This article exists as part of the online archive for HuffPost Australia, which closed in 2021.

Regular Sickies Are Often The First Sign Of Work Dissatisfaction

Bored office worker at desk staring at computer screen with hand on chin.
Bored office worker at desk staring at computer screen with hand on chin.

Australians have the unfavourable title of being one of the worst nations when it comes to taking sickies but experts say a sneaky day off could be a sign of work dissatisfaction.

Australian Bureau of Statistics figures show the average public sector worker took eight to nine days of sick leave annually.

Fiona Hitchiner, work-life integration specialist at SeventeenHundred, told The Huffington Post Australia the term 'sickie' could be quite an ominous one for businesses.

“The word sickie reflects a larger trend in the workplace of higher than normal absenteeism," Hitchiner said.

"It usually points to work load, stress, anxiety, culture within the team, bullying or harassment. Or it could be down to the fact that they’re just not engaged in the type of work.

"There’s no ‘one size fits all’ issue but it all points to a wider problem."

She said a sickie should be a prompter for managers to have a supportive conversation about goals and job satisfaction.

"They need to say, 'I’ve noticed you’ve taken time off. Is everything okay? How’s everything at work? Is there anything I can help you with -- your workload, or is something going on at home you’d like to talk about?' Try to find the underlying issue,” she said.

Fiona Hitchiner from SeventeenHundred. Picture Supplied

Hitchiner said disciplinary action against an employee taking regular sick leave should be a last resort.

"Of course there will be the small percentage of people taking sickies as a way of ‘taking the mickey’ but employers need to be supporting the majority of people who might have other issues going on. He or she might be having personal matters outside of work that’s affecting their ability to concentrate, or it could the health concern of a loved one."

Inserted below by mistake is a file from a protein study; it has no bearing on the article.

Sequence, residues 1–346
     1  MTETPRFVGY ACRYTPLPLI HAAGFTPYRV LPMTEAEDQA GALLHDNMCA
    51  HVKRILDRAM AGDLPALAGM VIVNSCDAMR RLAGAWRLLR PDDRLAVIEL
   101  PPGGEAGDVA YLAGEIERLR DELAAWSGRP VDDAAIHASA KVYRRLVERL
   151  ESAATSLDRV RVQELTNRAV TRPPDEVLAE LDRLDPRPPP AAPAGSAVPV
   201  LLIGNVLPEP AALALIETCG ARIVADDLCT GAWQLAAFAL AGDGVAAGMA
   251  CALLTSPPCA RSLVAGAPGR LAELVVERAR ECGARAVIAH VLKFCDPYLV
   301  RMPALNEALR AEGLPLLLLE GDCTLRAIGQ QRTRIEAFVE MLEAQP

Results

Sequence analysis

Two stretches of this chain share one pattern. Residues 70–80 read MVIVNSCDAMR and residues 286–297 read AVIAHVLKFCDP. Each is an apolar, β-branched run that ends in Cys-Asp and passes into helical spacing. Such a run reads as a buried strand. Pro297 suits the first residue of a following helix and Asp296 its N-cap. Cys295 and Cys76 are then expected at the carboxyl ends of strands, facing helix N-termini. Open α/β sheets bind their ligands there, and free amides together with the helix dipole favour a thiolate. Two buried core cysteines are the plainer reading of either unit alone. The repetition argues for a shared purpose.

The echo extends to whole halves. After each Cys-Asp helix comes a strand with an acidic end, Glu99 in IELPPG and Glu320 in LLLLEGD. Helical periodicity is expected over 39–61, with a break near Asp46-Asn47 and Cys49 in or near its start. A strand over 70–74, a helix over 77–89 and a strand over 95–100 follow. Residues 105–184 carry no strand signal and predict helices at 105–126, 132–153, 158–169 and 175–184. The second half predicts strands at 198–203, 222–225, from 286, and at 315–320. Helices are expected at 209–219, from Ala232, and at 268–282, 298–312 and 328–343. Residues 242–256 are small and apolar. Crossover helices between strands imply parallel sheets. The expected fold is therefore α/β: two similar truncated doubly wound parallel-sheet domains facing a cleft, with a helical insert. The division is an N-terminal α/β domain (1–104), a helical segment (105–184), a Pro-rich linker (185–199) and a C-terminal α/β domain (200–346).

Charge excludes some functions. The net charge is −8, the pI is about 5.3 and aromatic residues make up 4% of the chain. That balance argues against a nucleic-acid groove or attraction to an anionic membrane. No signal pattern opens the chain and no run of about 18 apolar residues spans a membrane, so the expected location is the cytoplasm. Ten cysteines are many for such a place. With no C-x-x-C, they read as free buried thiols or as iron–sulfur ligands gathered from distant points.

"We don’t go to work in a bubble. What impacts us at work, impacts us at home and what impacts us at home also impacts us at work. The important thing is to build trust and support in the workplace."

Psychologist Samantha Symes from PinWheel Psychology told The Huffington Post Australia many people took sick leave because they were not able to balance their life very well, which lead to exhaustion.

"Sick leave isn’t always a sign that someone isn’t coping, it’s more a case that people get sick because they haven’t got things in their life to balance out their workload. Some people don’t stop and look at how their workload is impacting on them until they’re pushed to the point of collapsing – that’s when they take sick leave," Symes said.

"What people need to do is monitor their workload and look at how they can work more productively. Don’t get into a situation where you’re constantly bringing work home with you or staying up late just to clear your inbox. Look at how to maintain a good work/life balance rather than waiting until you’re so exhausted you need to take sick leave. Don't make work a priority over your health."

Hitchiner’s tips for employers

1. Always have open communication with your colleagues. Ask them about work load and how they’re coping. You might spot trends, such as a person is always away on a Tuesday. Perhaps that person is doing a course and trying to get work done.

2. Make it clear flexible work practices are available.

3. Think about work culture. It’s very important and needs to come from senior leadership team and needs to be authentic.

4. Focus on open communication and building trust.

5. Ask your employees what they need. Ask how they are coping.

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